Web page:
Among our newly digitized photos for the IDHI project is the entire roll of film from the Skyscraper reporter who documented the event.

Here’s the photo from the article of the Mundelein Marauder flanker, Margaret Desmond, setting up the team’s touchdown. Notice the line on the ground where she has been forced out of bounds, the person on the left who appears to be an observer jumping out of the way, and the young man in the naval cap giddily chasing the play to get a better view of the action. This photo is from the Mundelein College Collection in the process of being digitized by the WLA. (1968-10-26) [mc_departments_athletics_0349].
Equally entertained and entertaining are the Mundelein College cheerleaders who seemingly outnumber the team itself. This photo is from the Mundelein College Collection in the process of being digitized by the WLA. (1968-10-26) [departments_athletics_0343].

The newly digitized Mundelein College student publications provide a window into college life in the middle of the twentieth century. The Richard Nixon campaign ads and the discontinued collegiate sports stand out as quirky practices of past peoples. But as college newspapers shutter and shrink across the country due to lack of funding, interest, or both, publications like the Skyscraper, Scholar, and Review also remind us of the immeasurable value of the seemingly frivolous elements of liberal arts education. By struggling through the process of publication from planning to printing, Mundelein College students gained life experiences. They were forced to negotiate with tight timelines; they learned the usefulness of levity and comedy; they saw their work come to life on the page. It’s been a pleasure to work with these items, learn how they intersect with each other, and help to make them more accessible to researchers. [8]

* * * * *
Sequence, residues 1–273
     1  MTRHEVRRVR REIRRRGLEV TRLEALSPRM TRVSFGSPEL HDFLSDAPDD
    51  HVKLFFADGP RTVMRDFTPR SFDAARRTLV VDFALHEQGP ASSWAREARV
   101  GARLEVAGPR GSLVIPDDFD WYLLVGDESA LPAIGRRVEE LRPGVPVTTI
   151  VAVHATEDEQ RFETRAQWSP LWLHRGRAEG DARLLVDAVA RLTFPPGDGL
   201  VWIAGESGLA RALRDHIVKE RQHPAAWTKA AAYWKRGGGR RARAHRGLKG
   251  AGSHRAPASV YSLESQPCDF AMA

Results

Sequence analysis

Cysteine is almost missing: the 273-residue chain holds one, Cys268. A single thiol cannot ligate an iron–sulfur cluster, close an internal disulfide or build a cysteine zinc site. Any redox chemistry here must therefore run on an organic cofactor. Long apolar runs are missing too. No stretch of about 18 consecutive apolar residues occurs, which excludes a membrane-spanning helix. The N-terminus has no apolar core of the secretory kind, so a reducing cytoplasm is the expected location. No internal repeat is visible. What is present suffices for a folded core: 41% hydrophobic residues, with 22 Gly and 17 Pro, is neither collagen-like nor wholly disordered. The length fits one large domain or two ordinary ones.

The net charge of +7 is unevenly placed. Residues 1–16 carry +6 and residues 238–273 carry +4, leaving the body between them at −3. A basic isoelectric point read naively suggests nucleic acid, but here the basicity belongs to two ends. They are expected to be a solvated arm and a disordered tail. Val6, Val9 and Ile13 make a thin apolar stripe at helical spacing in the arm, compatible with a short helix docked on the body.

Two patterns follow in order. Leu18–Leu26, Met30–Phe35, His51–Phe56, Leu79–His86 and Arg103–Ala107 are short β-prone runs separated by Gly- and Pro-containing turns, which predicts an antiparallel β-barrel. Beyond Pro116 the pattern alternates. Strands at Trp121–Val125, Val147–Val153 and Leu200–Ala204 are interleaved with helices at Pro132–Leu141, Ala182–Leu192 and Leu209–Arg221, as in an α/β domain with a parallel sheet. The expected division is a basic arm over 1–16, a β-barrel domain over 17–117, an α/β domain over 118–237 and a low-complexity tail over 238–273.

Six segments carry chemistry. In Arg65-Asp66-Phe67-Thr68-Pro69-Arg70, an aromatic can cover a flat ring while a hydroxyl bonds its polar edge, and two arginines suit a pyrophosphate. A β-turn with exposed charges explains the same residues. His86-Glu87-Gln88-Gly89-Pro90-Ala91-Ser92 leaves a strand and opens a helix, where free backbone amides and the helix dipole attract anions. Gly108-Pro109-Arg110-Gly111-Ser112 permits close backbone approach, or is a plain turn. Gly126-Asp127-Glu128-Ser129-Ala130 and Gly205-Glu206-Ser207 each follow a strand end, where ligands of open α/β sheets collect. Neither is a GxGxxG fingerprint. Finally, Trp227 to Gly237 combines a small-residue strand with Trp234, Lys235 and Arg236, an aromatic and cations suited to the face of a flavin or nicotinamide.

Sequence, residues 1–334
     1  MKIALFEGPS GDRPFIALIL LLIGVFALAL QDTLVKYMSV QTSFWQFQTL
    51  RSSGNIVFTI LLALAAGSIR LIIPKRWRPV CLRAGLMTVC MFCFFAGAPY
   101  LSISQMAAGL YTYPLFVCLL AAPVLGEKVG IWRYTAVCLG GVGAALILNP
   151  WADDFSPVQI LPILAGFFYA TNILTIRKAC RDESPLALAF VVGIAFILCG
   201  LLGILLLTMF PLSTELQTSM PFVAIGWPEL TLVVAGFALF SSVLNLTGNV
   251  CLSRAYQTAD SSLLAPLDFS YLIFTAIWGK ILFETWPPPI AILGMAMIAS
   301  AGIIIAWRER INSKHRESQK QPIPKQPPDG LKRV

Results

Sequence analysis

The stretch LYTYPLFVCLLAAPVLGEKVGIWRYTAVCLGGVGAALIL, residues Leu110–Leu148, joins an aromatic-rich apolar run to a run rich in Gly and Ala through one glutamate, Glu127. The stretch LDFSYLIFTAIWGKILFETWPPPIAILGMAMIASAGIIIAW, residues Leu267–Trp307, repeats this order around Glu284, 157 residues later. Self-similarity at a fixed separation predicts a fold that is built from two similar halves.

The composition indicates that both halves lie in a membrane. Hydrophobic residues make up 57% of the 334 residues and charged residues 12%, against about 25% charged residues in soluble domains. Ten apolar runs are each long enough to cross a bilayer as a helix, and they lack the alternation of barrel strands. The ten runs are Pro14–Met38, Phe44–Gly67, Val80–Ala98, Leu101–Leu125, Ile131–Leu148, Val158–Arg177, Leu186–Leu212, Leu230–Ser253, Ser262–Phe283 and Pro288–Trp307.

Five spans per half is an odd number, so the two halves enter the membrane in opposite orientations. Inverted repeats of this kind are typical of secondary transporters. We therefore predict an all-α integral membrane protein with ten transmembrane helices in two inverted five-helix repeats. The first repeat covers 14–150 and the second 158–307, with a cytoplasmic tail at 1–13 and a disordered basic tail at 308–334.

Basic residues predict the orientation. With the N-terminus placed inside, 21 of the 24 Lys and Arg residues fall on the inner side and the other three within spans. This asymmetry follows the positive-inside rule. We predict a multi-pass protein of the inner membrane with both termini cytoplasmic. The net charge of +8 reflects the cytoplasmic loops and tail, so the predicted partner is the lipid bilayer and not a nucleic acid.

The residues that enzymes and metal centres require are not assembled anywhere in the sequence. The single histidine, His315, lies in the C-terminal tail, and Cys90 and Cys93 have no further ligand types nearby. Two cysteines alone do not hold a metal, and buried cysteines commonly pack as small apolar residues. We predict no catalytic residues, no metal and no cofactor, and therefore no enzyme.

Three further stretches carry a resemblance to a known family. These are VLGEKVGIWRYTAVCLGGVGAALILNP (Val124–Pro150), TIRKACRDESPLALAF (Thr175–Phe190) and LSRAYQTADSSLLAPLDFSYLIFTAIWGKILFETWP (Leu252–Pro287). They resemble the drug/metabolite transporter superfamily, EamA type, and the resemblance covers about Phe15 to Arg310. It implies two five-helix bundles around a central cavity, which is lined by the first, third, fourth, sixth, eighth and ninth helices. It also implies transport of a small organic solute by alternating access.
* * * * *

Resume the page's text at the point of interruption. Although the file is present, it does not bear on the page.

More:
Anthony is a US History and Public History PhD student at Loyola University Chicago. His research focuses on the influence of celebrity on politics and identity during the Civil War era. Professionally, he’s interested in interpretation and public programing in museums.




[3] (mc_clepsydra_0001_page 113)




[6] ;

[7] Skyscraper 1968-11-01_page 8


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About Women and Leadership Archives

Established in 1994, the Women and Leadership Archives (WLA) collects, preserves, and makes available permanently valuable records of women and women’s organizations, which document women’s lives, roles, and contributions. The WLA grew out of the need to care for the records of Mundelein College and expanded to collect papers of women leaders and women’s organizations. Collection strengths include the subject areas of activism and women’s issues; authors; education; environmental issues; public service; social justice; women religious; and the fine, performance, and visual arts. The WLA is part of the Gannon Center and Loyola University Libraries and serves a wide variety of users, ranging from students and scholars to the general public. The WLA makes records available at the Archives in Loyola’s Piper Hall, offers remote reference services, presents programs, and provides online resources. Staff include a Director, Assistant Archivist, and graduate assistants from Loyola’s Public History Program.